And check out Tom Schopper's Facebook page who not only shot the photos for this show, he has done my head shots in the past and is a wonderful photographer!

Monday, October 1, 2012

Looking At A 25 Year Anniversary

Always the goof-ball - at Statue of Liberty

I can't believe it has been 25 years since I moved north from Texas. That number seems so large to that 18 year old boy with dreams of making it on Broadway. 

Don't all the movies say New York is the place of dreams? Well I had plenty of them. Then I became that jaded person who only saw the things I didn't accomplish. 

But just recently my life coach (ok, my dearest friend) pointed out things I have done during that time and I have to admit - she is right. Not to turn this blog into a 'toot my horn' - but sometimes it is good to take stock of what we have done.

I was a working actor for many years...and during that time, I would do pretty much ANYTHING.

Professor Gangreen in Killer Tomatoes  /Yes-singing in a mall   / Don't even ask
I climbed the corporate ladder in a self taught field until I finally walked away from the money to go back into the arts and have managed an arts center for the past 6 years.

Stalking stars like Bernadette Peters after "Into The Woods"

I've had musicals I've written produced on stage. Short stories and four books published. And have won awards for several of those. Each one of those accomplishments made me feel so blessed.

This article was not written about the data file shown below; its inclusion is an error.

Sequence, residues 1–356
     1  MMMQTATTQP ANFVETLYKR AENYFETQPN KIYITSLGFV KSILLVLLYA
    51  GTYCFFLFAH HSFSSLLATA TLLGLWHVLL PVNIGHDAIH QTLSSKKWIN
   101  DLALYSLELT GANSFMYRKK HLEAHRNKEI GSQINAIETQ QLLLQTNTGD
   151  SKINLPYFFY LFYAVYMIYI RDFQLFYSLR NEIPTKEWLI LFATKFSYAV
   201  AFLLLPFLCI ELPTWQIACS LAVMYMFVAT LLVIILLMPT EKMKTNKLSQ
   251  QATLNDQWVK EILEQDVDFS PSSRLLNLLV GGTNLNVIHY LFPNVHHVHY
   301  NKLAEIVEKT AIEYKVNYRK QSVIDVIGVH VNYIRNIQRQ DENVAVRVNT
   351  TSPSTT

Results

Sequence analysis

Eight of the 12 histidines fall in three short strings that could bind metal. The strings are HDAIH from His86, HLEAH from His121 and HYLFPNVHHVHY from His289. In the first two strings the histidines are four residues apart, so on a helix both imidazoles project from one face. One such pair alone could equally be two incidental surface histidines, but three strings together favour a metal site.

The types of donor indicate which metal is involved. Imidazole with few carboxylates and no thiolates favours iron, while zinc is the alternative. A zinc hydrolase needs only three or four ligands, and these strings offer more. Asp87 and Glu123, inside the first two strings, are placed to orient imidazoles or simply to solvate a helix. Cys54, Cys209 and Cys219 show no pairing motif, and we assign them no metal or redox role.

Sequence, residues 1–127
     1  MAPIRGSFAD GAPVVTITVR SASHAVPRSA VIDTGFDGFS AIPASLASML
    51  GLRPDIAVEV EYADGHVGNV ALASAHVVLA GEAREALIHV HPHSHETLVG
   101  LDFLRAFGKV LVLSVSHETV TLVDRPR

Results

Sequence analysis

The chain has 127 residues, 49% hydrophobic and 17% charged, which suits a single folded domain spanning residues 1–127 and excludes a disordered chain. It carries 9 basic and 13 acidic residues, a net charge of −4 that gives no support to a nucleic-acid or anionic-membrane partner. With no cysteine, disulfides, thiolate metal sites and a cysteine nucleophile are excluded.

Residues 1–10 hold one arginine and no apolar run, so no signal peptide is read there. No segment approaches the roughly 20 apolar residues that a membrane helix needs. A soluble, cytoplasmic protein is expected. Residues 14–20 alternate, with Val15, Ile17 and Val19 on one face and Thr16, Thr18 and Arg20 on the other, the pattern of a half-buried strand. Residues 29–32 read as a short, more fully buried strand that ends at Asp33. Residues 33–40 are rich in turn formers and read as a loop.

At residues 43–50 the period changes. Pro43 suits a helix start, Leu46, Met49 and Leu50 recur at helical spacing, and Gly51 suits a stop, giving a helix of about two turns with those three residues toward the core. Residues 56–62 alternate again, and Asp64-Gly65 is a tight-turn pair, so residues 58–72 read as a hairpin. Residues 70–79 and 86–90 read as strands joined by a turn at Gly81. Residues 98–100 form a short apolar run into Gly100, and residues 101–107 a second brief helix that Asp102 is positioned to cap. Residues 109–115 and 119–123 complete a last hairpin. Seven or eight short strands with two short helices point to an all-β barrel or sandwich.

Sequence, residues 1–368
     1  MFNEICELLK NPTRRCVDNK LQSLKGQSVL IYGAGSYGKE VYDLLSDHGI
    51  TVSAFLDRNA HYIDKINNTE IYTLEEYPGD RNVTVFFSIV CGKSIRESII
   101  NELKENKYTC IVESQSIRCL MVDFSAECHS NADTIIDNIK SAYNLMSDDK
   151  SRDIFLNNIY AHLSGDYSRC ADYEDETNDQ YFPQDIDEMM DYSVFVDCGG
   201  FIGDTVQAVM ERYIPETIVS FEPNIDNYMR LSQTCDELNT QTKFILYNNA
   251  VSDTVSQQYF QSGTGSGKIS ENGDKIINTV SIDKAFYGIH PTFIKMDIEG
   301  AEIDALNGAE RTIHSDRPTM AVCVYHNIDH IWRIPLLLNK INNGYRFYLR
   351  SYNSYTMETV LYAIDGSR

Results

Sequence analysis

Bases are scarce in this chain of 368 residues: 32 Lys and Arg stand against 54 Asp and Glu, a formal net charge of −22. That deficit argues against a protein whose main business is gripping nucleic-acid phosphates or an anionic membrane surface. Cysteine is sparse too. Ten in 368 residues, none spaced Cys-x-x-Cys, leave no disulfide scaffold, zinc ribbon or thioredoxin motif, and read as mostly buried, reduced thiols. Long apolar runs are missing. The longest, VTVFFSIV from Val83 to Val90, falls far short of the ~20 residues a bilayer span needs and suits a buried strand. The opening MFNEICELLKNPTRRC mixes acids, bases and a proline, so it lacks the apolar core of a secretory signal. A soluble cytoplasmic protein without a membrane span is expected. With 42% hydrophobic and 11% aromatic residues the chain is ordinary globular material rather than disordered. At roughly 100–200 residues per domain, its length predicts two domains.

I've contributed articles to several online sites, interviewed people, been interviewed, touched lives through my writing and have received wonderful reviews of my work. The feedback received from people can't be stressed enough as it is so amazing to know someone sits in their own corner reading your words and are moved by them. I simply can't describe that feeling that overcomes me from hearing from those people.

I also found my way back to the stage in 2000 and once again discovered my love of performing and directing.

A New Brain
Forever Plaid

And even though I haven't been on stage in four years, I open in a show again this coming weekend. 

The past 12 years, I've had a partner who has supported me through so much of that list. And I know without that support, I couldn't have accomplished half of it. He is the true accomplishment of the past 25 years and I know just how lucky I am. (Now if only someday we can actually be married.)

No. I never ended up on Broadway, but sometimes dreams change. And that is not a bad thing. If life didn't take us down a different road, we'd never get a chance to see something new. I've had a great 25 years and I know I wouldn't change any of it.